What is a Surety Bond?
In order to understand why you need a bond, we have to start with what is a bond. Bonds are essentially a product, similar to a guarantee that helps to transfer risk and mitigate risk for parties in business dealings. There’s all sorts of types of bonds out there, but the most common bonds you will most likely run into on a day to day basis are typically payment bonds and performance bonds.
What are payment and performance bonds?
Let’s start with the performance bond. A performance bond is a bond that guarantees the performance of some underlying obligation. A payment bond doesn’t necessarily guarantee a performance of an obligation, it guarantees payment. Usually payment and performance bonds partnership together, people will obtain both a payment and performance bond.
What do bonds cost?
The first question everybody asks is how much do they cost and who pays for them. Performance and payment bonds are typically factored into the cost of the overall project. If it’s a hotel being built, the overall construction budget for the hotel would include the costs for the bonds. They can cost anywhere from 1% to 3%, and even beyond, of the overall contract price.
How does one typically qualify in order to be able to get a bond?
Bonds usually go through the same process as you would for obtaining financing or credit – the three C’s: character capacity and credit. Before a surety is going to write you a bond, that surety is going to look at your character.
- Are you a good person?
- Do you have a criminal record?
- Have you been in business for a long time?
- Capacity: Do you have the capacity for the underlying obligation?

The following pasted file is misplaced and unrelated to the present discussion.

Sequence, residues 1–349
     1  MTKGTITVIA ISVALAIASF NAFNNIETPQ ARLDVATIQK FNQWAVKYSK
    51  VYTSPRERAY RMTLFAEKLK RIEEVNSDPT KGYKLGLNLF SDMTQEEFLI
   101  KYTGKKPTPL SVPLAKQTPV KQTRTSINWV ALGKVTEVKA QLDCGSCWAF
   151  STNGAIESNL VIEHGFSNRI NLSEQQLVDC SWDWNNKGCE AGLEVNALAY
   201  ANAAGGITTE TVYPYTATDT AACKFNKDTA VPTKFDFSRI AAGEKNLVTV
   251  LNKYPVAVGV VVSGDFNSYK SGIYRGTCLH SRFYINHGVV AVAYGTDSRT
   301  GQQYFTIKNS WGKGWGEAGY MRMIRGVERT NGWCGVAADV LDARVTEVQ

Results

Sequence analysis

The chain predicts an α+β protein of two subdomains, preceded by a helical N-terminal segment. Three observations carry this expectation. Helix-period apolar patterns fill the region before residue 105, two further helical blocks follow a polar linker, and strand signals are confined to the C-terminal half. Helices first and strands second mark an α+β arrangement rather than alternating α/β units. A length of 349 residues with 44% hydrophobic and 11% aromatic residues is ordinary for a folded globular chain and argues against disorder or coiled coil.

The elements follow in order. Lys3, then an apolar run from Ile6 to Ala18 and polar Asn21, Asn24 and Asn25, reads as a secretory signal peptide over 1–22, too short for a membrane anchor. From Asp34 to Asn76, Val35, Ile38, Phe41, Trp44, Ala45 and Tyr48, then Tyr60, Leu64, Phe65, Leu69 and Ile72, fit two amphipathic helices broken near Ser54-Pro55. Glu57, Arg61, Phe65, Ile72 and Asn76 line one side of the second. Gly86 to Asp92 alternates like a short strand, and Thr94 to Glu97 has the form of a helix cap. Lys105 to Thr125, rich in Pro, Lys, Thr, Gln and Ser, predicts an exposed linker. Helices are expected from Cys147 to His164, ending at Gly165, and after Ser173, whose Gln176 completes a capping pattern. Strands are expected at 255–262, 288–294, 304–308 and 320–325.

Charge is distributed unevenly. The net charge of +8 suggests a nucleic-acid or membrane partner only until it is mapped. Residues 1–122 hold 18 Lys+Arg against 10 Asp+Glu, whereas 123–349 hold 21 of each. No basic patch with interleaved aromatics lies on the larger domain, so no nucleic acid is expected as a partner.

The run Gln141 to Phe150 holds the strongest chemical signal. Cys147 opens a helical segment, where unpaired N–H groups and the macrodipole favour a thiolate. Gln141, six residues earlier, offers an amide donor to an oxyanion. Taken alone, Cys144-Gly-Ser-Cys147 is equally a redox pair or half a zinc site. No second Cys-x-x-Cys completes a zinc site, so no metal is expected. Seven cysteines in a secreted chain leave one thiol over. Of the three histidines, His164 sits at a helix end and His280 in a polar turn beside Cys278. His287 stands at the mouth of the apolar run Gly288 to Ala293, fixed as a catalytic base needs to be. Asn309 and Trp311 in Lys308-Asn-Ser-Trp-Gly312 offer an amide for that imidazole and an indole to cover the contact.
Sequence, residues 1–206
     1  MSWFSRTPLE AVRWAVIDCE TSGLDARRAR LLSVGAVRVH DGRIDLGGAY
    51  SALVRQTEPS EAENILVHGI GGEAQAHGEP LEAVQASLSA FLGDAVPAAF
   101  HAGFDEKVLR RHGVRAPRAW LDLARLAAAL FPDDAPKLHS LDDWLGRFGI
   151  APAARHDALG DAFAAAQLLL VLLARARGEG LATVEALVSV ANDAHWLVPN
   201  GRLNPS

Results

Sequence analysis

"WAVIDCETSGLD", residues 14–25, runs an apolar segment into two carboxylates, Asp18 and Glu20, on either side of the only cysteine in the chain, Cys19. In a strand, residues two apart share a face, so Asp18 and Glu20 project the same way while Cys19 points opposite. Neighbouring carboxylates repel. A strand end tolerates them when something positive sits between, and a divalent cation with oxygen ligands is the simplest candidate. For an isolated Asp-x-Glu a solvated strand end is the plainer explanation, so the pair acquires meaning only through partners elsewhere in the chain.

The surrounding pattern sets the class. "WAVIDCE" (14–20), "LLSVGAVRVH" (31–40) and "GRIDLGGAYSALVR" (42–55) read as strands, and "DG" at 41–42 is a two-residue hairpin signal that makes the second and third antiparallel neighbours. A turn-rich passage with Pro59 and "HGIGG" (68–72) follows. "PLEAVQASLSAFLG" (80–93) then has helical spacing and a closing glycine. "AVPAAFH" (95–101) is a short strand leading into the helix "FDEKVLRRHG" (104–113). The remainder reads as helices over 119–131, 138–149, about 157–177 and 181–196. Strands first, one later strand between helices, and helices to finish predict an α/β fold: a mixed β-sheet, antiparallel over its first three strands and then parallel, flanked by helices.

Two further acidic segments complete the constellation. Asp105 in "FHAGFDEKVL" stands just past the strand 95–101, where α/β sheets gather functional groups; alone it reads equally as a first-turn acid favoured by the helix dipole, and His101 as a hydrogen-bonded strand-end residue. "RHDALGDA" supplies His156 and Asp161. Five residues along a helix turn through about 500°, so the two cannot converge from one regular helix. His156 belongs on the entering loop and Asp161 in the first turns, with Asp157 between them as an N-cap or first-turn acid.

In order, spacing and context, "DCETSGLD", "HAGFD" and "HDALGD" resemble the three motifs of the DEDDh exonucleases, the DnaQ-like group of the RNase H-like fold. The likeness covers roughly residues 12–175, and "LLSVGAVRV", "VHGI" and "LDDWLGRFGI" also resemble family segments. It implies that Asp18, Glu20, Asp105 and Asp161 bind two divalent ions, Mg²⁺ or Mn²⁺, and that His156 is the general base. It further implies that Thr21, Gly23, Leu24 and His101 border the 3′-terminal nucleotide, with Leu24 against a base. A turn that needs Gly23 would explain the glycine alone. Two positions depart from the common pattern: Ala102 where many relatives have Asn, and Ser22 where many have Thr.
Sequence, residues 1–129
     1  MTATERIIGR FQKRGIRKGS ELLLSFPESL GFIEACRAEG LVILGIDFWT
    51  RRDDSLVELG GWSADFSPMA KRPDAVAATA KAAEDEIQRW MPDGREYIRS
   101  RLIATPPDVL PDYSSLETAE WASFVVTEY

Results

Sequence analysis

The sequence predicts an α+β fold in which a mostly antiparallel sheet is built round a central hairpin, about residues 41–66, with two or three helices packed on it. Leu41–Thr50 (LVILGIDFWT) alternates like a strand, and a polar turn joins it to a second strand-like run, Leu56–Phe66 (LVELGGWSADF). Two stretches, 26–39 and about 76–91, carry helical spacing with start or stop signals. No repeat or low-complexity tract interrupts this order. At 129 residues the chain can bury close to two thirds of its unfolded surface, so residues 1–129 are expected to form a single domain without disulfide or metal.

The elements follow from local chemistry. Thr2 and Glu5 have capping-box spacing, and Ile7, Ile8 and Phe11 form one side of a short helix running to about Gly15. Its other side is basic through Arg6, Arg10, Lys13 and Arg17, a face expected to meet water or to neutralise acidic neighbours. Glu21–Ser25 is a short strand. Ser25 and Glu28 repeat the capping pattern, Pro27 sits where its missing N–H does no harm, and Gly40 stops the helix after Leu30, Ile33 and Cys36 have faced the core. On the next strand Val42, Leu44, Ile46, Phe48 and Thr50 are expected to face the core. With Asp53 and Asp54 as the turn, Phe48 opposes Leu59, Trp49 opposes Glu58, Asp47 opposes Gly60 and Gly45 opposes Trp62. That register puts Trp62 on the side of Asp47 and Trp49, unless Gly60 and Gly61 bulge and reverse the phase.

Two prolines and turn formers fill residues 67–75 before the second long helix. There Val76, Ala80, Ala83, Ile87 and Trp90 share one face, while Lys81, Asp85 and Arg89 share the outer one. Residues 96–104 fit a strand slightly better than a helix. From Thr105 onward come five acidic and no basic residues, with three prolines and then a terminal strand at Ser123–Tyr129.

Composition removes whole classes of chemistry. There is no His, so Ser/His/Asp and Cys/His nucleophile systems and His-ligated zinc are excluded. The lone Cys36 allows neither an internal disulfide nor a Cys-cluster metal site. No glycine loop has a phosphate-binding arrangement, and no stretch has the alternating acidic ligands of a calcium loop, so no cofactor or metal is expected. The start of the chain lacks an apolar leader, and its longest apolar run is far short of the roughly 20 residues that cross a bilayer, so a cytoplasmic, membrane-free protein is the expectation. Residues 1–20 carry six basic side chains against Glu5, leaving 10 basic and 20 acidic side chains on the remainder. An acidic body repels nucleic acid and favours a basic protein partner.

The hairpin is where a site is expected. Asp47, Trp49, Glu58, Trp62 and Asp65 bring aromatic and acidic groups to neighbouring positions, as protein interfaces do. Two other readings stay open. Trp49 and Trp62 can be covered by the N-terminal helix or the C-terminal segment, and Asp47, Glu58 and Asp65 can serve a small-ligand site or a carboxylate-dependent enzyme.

- Can you undertake it?
- Is it too aggressive?
- Are you a little bit over your skills for that project?
They are going to look at your business operations, how much backlog you have. Are you paying your bills, things of that nature when it comes to your character plus capacity. And then number three, of course is credit. Do you have good credit? Most charities will run your credit to make sure that you don’t have bankruptcies, foreclosures, tax liens, things of that nature to qualify.
Keep in mind that once you sign up for that bond, it’s likely going to be guaranteed by personal indemnity. A lot of people don’t realize that bonds are a personal guarantee through the bond underwriting process.
It is very important, if you’re going to obtain a bond, to actually read the bonds themselves to understand what is in those bonds. A lot of times bonds contain what they call conditions precede, which are certain things that must be satisfied before the bond can be called on.
What are alternatives if I don’t qualify or if I don’t meet the three C’s?
Typical alternatives to bonds would be to guarantee that payment of performance, some form of security, could be cash. Anytime you could put cash in an escrow account, your customer may accept that in lieu of a bond collateral. Another one in the banking arena is letters of credit. Can you qualify for a letter of credit? Can you call your bank and satisfy the banking requirements for a letter of credit? If you can do that a bond may be unnecessary. If you can’t get any of those, another option in lieu of a bond would be to personally guarantee the contract. Typically, we do not recommend that. We don’t want corporate debts and obligations to become personal debts and obligations of yours. But we have seen situations in which in lieu of a bond customer will accept a personal guarantee from their other customer on the underlying contract in replacement of a bond because they cannot qualify for a payment and performance bonds.
In closing, what do all of these products, the cash, the collateral, the letters of credit, the personal guarantees, all have in common? They are again, risk mitigation, risk avoidance tools, just like a bond. So it’s very, very important that as your understanding suretyship and understanding bonds and what it takes to get a bond to qualify for a bond that you look at the wide and broad spectrum of products out there that can serve the need for mitigating or transferring that risk downstream to ensure that you have a successful underlying contract.